The result of a lack of resources has been a severe decline in "the quality of instruction and in the capacity to reorient focus and to innovate". Public financing in most countries is already overstretched, Ansu writes, and will not be enough to respond to the growing demand for access while delivering a "level of quality that provides students with the skills necessary to succeed in current and future labour markets.
"The easy path of laissez-faire expansionism driven by supply-side pressures, which is evident in some countries, will only lead to even further deterioration."
Yet within the gloom, there is some light. The report says "a full range of options" exist and that some countries and institutions have started implementing them.
The World Bank tends to favour privatisation of public utilities and a bigger role for the private sector in many government-owned operations. So, not surprisingly, this report highlights the "spectacular growth" of private higher education in Africa, along with the introduction of tuition fees which it calls "cost-sharing programmes...accompanied by student loans and financial aid for low-income students".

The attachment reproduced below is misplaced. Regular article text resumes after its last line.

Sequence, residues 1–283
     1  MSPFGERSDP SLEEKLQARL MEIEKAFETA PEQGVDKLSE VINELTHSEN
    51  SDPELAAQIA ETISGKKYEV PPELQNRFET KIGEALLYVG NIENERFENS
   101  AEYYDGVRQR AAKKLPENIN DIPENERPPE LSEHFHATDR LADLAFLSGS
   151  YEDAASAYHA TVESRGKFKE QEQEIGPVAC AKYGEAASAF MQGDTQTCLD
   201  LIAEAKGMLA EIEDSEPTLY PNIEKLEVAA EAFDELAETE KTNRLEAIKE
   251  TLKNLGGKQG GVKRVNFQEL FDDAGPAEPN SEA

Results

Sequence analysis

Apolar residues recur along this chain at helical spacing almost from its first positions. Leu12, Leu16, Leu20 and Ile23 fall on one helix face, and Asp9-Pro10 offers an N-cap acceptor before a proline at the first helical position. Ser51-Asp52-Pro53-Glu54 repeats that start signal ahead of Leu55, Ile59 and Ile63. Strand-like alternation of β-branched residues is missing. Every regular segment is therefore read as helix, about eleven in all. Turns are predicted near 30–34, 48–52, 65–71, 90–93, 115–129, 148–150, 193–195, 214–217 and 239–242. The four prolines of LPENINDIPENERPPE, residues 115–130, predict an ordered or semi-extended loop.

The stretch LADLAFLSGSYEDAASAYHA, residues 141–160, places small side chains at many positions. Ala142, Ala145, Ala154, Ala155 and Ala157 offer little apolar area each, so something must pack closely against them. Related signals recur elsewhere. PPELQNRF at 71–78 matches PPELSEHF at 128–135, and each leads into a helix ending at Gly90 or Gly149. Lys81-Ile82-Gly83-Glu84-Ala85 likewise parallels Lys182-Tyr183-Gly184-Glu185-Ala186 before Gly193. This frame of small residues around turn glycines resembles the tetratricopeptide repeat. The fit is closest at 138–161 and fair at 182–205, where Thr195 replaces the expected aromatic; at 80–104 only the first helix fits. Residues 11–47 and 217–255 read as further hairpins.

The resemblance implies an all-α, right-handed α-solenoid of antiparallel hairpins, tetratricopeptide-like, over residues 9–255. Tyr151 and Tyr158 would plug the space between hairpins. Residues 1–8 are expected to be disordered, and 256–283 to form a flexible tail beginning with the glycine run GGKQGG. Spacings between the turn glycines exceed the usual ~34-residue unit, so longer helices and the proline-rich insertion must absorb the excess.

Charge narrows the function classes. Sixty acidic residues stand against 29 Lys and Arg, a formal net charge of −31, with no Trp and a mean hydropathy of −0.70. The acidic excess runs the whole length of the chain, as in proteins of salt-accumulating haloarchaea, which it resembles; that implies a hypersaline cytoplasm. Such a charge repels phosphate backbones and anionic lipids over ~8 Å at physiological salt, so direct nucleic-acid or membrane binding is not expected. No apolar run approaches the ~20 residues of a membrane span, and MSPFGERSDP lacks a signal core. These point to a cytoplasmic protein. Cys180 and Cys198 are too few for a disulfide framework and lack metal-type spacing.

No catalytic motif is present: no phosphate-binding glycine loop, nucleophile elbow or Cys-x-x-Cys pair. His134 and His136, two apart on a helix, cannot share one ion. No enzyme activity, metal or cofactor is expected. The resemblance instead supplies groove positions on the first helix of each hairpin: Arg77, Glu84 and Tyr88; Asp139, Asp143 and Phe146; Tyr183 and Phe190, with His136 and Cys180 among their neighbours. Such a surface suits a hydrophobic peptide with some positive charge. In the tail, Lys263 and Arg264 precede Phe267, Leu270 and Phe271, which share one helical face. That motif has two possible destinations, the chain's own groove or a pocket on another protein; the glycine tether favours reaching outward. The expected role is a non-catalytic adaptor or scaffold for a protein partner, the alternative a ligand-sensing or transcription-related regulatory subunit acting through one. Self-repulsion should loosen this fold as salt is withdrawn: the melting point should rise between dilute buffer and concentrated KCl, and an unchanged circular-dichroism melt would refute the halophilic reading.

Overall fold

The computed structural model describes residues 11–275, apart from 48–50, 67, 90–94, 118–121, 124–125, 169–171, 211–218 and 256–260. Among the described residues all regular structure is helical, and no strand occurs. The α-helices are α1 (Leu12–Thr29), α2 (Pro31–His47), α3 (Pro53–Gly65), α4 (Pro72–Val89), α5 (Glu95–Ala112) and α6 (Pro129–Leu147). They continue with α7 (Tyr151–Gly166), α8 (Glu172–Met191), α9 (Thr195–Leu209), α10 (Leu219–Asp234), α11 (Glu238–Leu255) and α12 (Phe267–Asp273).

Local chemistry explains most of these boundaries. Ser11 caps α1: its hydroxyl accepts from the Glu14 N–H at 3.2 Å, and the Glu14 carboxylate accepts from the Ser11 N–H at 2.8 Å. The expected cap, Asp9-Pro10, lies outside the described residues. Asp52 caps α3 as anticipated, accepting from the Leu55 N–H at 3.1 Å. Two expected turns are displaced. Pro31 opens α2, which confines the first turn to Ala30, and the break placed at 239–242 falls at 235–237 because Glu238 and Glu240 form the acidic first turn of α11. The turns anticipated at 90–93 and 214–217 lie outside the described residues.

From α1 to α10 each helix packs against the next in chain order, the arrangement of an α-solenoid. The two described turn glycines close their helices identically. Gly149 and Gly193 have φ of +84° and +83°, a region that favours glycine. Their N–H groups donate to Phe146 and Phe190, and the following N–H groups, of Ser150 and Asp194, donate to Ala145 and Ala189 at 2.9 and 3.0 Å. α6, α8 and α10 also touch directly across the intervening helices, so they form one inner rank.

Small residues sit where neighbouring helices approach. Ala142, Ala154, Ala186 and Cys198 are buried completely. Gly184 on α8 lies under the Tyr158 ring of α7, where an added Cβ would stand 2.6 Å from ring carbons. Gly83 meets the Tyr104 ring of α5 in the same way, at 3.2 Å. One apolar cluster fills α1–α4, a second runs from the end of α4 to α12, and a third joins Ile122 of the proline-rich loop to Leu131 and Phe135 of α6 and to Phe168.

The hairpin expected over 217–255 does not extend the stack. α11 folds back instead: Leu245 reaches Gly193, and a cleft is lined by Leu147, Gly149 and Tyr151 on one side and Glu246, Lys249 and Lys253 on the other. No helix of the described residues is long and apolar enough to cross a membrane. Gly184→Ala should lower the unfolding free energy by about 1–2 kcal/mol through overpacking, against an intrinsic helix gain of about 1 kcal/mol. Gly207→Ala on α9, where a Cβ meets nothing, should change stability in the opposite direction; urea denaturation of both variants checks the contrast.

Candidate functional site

It says higher education is also being diversified to offer lower cost and more effective delivery alternatives. In a few cases, the report says impressive reforms to improve internal efficiency have been implemented, and governments are increasingly adopting more effective budget management practices.
Arguing for a comprehensive approach that would combine all possible tools to ensure more financially sustainable higher education systems, the report says the pace at which reforms should be implemented will depend on the situation and constraints of each country.
It also admits that reforming higher education financing is difficult and can generate controversies and tensions: "This is why policy-makers should carefully present the arguments, assess the impacts of proposed solutions, and engage in a wide consultation so that stakeholders are better informed of the link between proposed reforms and the likely improvement in teaching and learning conditions."
The first two chapters of the report consider rising demand and "sustainable financing". The third focuses on the main features of current funding policies, the fourth looks at financially sustainable policies and the fifth describes how to successfully implement financial reforms.
Summaries dotted throughout the book include budget allocations in Mali, "line item budgeting" in Uganda, research funding in Nigeria, a "financial revolution" in Uganda's Makerere University, and tuition fees in public universities in Benin.